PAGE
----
My Post to Lotsa Helping Hands Community: Regina's Friends

I am sending this out to all the wonderful people who helped our family through our ordeal for the past four month, but I thought I would post it here as well as I think applies to most of you as well.

I want to thank you for all the help you have provided for these past four months. We could not have done it without you. You have been great. Some of you have asked "Is there anymore we can do?" There is. Help me with my fight for health care reform. You can reach me at or http://ReginaHolliday.Blogspot or Regina Holliday Washington DC on Facebook or ReginaHolliday on Twitter.

If you would like to host play dates while I paint advocacy murals or speak with our representatives on Capitol Hill let me know. If you know a reporter who would like to talk about how bad our current medical situation is, give them my contact info. If you have a medical story to share with me about a tragedy that occured in your life please contact me; because I will be doing more murals. Fred's story is not the only one out there. The time to ignore what is happening is over. The time for action has begun.

Reform does not happen overnight, but it will happen. I plan to dedicate the rest of my life to making it happen. I will campaign for patients' rights. I will work hard so no other patient will be virtually imprisoned in his hospital bed. I will demand access to the medical record in real time so patients and caregivers can make informed decisions. I will work toward the standardization of forms so patients will not be unnecessarily harmed due to lack of awareness of medical staff. I will implore medical facilities to adopt an interoperable Electronic Medical Record so you do not lose data upon transfer and so patients do not need to wait for several hours to get their meds back on-line. I will paint murals throughout this city about the ones we loved that died. I will speak to senators and congressmen about the need for affordable insurance.

I will not stop talking until we get change. And if you know me from Child's Play you know I talk a lot. You also know I care about your children and I want what is best for them, whether it is a great toy or good health system. If you know me from teaching art, you know I don't do things by half measure. There is no project that cannot be accomplished if you have dedication, time, and work hard. If you know me from church, you know I believe in God. I believe in a God of mercy and grace, one who says we must help the "least of these." People ask for a miracle in their time of sorrow. God is there all along trying help us listen to His call. The miracle is in us, and it is up to us to do everything we can to help the sick, the tired, the dying, and those filled with sadness and despair. I will do everything I can to help and I hope you will join with me.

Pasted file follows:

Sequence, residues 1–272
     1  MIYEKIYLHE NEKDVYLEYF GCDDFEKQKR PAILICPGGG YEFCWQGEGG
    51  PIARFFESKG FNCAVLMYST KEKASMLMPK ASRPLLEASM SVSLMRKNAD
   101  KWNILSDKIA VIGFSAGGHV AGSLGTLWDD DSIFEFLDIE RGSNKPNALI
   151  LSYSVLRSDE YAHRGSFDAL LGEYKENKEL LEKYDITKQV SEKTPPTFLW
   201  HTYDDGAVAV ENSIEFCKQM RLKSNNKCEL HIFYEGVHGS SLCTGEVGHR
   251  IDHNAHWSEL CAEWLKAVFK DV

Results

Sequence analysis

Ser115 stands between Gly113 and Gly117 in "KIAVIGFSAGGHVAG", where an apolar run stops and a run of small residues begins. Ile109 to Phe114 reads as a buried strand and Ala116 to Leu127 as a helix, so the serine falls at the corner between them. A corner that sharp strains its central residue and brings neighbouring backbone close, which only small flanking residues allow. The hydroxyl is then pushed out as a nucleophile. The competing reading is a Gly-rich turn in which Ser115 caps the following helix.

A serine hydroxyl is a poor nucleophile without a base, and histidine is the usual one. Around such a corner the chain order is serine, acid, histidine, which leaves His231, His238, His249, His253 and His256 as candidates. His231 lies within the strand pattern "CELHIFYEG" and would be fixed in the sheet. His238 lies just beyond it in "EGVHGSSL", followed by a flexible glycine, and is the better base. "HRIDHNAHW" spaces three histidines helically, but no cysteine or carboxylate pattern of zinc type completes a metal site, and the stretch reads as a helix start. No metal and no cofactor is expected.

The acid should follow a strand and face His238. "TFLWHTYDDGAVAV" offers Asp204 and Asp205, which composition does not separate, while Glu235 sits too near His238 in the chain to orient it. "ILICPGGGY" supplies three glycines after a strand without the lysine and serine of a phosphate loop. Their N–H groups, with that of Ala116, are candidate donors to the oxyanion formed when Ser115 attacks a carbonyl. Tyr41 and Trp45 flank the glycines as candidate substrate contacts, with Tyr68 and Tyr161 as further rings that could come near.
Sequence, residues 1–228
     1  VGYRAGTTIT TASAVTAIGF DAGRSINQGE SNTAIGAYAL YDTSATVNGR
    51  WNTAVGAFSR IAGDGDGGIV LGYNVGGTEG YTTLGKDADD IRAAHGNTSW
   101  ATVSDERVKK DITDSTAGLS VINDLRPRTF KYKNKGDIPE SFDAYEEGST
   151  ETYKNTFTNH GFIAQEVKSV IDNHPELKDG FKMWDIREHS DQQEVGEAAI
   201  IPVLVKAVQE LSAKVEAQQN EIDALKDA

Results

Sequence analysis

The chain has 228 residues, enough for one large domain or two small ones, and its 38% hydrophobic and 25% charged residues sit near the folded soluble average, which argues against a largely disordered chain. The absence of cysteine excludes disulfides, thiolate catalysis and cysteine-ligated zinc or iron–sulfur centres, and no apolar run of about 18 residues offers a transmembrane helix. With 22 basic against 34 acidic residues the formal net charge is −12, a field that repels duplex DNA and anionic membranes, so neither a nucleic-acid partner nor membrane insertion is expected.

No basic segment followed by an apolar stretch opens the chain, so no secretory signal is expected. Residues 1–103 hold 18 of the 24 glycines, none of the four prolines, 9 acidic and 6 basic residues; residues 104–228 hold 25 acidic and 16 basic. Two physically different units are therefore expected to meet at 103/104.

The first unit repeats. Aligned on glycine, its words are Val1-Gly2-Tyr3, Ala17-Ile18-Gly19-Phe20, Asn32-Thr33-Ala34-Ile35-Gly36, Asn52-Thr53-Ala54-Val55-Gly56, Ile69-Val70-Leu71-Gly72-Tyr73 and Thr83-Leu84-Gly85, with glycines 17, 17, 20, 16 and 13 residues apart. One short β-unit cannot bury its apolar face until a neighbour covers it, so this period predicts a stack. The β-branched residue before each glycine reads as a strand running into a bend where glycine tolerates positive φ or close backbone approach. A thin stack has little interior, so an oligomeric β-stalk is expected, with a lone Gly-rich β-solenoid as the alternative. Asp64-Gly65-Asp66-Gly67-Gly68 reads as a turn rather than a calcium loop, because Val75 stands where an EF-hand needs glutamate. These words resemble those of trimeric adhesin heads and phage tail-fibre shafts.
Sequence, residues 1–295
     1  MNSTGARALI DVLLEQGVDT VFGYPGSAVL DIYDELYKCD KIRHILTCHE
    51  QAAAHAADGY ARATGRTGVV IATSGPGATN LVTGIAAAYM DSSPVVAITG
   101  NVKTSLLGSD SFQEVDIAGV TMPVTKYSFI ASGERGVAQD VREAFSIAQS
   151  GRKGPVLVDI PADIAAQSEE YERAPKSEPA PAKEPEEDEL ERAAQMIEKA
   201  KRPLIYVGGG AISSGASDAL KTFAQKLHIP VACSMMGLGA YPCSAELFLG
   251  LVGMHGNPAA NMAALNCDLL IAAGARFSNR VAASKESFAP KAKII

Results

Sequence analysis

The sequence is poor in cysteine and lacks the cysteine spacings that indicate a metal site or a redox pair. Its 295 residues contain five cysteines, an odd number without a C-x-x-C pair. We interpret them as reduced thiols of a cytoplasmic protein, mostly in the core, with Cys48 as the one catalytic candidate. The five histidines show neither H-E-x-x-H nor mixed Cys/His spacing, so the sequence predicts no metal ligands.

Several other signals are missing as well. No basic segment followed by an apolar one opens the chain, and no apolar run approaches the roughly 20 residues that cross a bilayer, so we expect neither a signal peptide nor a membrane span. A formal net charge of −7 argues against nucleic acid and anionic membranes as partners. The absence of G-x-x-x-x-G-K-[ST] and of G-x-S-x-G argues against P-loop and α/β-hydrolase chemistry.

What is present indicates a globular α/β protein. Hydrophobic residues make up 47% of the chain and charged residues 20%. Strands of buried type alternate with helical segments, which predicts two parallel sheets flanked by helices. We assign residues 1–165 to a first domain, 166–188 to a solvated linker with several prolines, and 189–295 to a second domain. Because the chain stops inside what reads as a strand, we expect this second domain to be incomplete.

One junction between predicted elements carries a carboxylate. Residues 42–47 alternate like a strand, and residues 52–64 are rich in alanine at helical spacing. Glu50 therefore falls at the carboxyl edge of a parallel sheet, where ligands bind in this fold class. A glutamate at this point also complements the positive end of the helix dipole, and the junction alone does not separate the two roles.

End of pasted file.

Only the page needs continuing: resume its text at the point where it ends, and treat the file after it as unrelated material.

I have been blessed by this community of friends. I am sure together we can do great things.

Thanks again for all you have done,
Regina Holliday

Thursday, July 23, 2009

Today I went to a press conference hosted by Senator Reid. We spoke of the great need for health care reform. I shared the experiences Fred and I had within this very broken system. Our son Freddie was also present and provided emotional support. I am posting my comments here:

"When I met my husband of fifteen years he had a dream. He wanted to teach film studies at the university level. He went to school for many years and got his Phd. My husband Fred Holliday soon became Doc Holliday. He began to adjunct at many universities and worked as a video clerk. I worked at a toy store and taught art. When we were not working we cared for our two children; three year old Issac and ten year old Freddie. In the 2007/2008 school year My husband and I worked five different jobs between the two of us and still could not afford family health insurance.